About 15 minutes’ drive inland from Port Campbell, Timboon Golf Club is home to a 14-hole golf course and a cohort of members whose friendly wagering makes every shot count.
Twenty or so locals play a $5 winner-takes-all net competition but the real action is the 50 cent ‘units’ played for on every single shot.
“We play for everything. Timboon is famous for the amount of units they play,” says life member and former secretary Bill Norton.
Timboon Golf Club life member Bill Norton.
‘Units’ can be won and lost and there are dozens of types because Timboon’s members have adopted previously unheard-of rules from other clubs.
Birdies, greens in regulation, and up and downs from bunkers are worth one unit, a ‘ferret’ (chip-in) and an eagle are worth 2 units and a ‘gopher’ (hole-out from a bunker) carries three units.
More amusing are the ways units can be lost: a ‘kangaroo’ (out of bounds), ‘Burke and Wills’ (lost ball), ‘snake’ (three putts), ‘python’ (four putts) and an ‘anaconda’ (more than four putts).
“A [‘snake killer’] is when, in anger, one buries the clubhead in the ground,” Norton says.
One Timboon member discovered, during a competition in Warrnambool, that a ‘FISH’ was used to describe an air swing and was an acronym for ‘f***, it’s still here.’
‘Flaggies’ (sinking a putt longer than the flagstick) has also been a popular unit at Timboon.
A more conventional form of gambling at Timboon is the annual footy tipping competition which has its own tab on the club website’s homepage. The worst performer for the season wins the ‘Galah Trophy’ which sits proudly in the clubhouse.
Originally a nine-hole course, Timboon has been at its current site since 1964, was extended to 12 holes and, in the 1980s, two more were added including one hole on the site of a former rubbish tip. For competitions, four holes can be played again from alternative tees to make an 18-hole layout.
“This is the hardest-rated course in Corangamite, so if we go to any other course in Corangamite, which includes Portland and Heywood, we lose shots off our handicap; I reckon it’s a bit rough,” Norton says.
The men’s course record (3-under) is held by Wayne Drayton and Alistair Gillin - a 23-time Club champion who won 19 out of 20 titles from 1995 to 2014.
Another club stalwart is Barry Cook who won 15 titles from 1962 to 1983 and still plays regularly. In 1974, Cook was playing one group ahead of his dad, Gordon, and had a hole-in-one on Timboon’s scenic 120-metre seventh. Minutes later, Gordon aced the same hole.
Timboon features striking gum trees and steep hills which make carts popular.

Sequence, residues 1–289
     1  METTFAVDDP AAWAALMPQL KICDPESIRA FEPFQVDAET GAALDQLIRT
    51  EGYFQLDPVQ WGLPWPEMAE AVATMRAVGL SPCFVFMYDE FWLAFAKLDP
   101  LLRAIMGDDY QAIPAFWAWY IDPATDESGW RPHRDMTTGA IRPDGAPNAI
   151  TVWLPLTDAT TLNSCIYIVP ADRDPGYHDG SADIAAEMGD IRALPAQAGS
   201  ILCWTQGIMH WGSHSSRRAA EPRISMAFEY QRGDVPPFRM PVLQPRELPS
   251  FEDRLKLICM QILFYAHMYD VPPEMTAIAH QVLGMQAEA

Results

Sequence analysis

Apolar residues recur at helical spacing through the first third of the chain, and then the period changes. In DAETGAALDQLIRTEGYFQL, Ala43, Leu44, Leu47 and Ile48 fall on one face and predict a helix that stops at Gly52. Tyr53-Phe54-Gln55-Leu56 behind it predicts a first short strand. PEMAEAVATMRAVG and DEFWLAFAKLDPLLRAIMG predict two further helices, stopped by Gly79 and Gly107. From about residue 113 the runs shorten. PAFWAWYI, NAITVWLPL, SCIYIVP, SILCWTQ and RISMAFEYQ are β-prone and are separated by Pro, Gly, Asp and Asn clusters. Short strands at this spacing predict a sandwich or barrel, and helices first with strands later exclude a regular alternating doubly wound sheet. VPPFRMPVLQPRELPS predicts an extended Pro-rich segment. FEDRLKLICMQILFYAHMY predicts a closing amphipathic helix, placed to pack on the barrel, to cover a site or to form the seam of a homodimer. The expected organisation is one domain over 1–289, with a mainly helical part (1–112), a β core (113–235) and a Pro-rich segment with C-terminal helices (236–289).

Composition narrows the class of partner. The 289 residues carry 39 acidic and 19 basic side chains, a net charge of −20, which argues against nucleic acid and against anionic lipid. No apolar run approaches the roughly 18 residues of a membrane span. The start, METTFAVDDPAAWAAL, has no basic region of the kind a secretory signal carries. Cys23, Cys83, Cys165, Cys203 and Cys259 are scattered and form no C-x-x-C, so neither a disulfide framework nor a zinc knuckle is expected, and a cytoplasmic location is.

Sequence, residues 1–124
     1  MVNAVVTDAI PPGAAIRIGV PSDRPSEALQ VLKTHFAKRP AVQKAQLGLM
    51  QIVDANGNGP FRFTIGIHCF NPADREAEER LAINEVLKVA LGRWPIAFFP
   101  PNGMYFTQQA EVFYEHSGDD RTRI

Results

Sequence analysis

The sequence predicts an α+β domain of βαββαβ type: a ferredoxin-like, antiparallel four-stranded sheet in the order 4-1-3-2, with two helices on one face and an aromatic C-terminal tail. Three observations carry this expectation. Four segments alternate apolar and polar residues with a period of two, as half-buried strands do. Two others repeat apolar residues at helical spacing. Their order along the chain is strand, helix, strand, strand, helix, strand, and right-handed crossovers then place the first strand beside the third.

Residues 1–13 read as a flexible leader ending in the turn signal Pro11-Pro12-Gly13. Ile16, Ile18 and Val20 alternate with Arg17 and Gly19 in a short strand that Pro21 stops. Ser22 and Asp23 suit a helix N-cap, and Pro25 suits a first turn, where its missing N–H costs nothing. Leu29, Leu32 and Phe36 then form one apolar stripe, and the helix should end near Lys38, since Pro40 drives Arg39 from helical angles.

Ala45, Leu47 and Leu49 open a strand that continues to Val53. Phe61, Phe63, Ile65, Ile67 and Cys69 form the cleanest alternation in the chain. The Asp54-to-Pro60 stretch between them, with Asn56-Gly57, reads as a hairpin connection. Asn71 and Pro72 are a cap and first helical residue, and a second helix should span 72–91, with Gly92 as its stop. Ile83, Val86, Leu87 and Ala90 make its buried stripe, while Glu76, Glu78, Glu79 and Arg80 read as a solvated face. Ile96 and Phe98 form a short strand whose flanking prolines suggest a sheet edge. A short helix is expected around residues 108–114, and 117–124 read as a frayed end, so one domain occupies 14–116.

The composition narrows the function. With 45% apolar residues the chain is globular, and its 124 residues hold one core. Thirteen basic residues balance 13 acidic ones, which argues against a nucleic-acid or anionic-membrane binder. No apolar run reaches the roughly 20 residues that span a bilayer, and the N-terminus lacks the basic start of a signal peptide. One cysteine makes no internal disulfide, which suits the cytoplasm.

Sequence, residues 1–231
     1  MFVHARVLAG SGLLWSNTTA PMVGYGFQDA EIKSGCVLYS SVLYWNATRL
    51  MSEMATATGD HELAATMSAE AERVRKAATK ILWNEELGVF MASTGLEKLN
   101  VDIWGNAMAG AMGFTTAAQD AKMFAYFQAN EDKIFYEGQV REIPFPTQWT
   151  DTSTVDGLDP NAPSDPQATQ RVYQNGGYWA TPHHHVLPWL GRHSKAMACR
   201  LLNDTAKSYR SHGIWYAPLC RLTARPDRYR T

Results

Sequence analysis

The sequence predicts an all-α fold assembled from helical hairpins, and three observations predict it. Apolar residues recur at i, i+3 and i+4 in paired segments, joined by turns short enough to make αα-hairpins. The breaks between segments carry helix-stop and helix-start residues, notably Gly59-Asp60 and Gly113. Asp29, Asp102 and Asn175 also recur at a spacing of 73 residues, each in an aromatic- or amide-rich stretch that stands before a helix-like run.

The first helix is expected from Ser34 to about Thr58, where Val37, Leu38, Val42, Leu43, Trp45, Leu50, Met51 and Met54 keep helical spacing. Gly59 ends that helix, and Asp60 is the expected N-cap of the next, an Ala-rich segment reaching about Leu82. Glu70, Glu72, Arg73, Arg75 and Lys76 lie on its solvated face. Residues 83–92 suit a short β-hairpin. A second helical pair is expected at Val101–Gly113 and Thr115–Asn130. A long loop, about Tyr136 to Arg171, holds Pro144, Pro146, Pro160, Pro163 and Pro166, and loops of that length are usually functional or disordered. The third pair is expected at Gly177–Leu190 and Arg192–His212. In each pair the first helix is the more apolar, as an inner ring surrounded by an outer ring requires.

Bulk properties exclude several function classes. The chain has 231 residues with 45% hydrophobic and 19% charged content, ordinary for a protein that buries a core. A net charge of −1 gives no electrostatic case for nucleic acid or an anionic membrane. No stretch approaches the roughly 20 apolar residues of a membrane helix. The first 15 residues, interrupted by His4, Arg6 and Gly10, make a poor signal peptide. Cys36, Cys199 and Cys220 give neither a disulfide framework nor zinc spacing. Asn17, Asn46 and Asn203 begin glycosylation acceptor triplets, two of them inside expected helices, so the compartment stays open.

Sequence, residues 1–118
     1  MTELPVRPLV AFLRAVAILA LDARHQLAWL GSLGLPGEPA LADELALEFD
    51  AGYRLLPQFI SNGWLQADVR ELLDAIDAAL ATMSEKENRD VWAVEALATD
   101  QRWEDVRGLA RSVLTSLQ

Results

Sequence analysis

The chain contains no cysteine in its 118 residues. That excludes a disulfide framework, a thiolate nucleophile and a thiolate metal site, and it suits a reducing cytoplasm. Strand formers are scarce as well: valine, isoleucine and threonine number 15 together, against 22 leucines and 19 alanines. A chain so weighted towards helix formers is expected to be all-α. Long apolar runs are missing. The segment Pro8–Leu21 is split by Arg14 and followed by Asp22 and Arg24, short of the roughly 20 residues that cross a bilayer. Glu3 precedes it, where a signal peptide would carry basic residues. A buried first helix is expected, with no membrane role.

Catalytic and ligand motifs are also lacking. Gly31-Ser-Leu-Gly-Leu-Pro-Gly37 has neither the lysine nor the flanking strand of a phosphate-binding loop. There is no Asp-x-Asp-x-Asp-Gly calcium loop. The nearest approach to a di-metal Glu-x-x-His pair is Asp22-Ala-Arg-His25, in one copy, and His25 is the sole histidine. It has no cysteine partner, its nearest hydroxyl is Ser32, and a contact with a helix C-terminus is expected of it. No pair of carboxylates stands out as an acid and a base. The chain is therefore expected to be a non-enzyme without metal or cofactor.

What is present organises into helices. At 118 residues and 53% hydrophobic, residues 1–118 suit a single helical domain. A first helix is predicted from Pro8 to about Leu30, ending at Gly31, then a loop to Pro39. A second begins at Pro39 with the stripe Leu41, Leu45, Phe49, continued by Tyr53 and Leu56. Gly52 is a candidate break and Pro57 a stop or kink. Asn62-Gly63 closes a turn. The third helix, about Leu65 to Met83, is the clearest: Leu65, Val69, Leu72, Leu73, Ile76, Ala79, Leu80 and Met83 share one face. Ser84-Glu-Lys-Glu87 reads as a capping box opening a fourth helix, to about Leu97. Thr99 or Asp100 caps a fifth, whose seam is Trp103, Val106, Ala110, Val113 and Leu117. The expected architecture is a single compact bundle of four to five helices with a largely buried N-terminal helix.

“We built an extension of the machinery shed to put carts in probably about ,” Norton says. “It’s not big enough, it’s filled up; reckon we should have built it twice as big.”
Carts would have been no substitute for the mode of transport used during Timboon’s summer twilight competitions in the 1970s.
“This bloke called Bill Neal, before carts, he had a Holden ute and a couple of us would sit on the tailgate and go round the course. He’d stop the car, get out of his ute, play his shot.”
One curious incident in the Club’s history was the discovery, several decades ago, of an unmarked grave adjacent to the first fairway, believed to have been the resting place of a young girl since the early 20th century.
“A [mower] went ‘clank’, and they got out and had a look and found it was the concrete of this grave and they didn’t know it was there,” Norton says.
“There was no marker, no date, no nothing.”
The Club erected a rail to mark the grave and make sure it wasn’t hit again.
Today, Timboon is handling the impact of the coronavirus; the absence of bar takings has been offset partly by the resignation of a full-time greenkeeper in early 2020 and a small spike in membership.
Meanwhile, three mobile phone towers on the course continue to provide good income.
Timboon has given back too. Over 18 years, it’s raised just under $280,000 for the Royal Children’s Hospital’s Good Friday Appeal.
A fully-fledged honesty box Club, Timboon used to pay someone to sit by the first tee and make sure visiting golfers didn’t forget to pay; a job worth about 20 per cent of each green fee.
“We actually made more money by paying a bloke to sit there,” Norton says. “Boring job; I don’t think anyone else would do it.”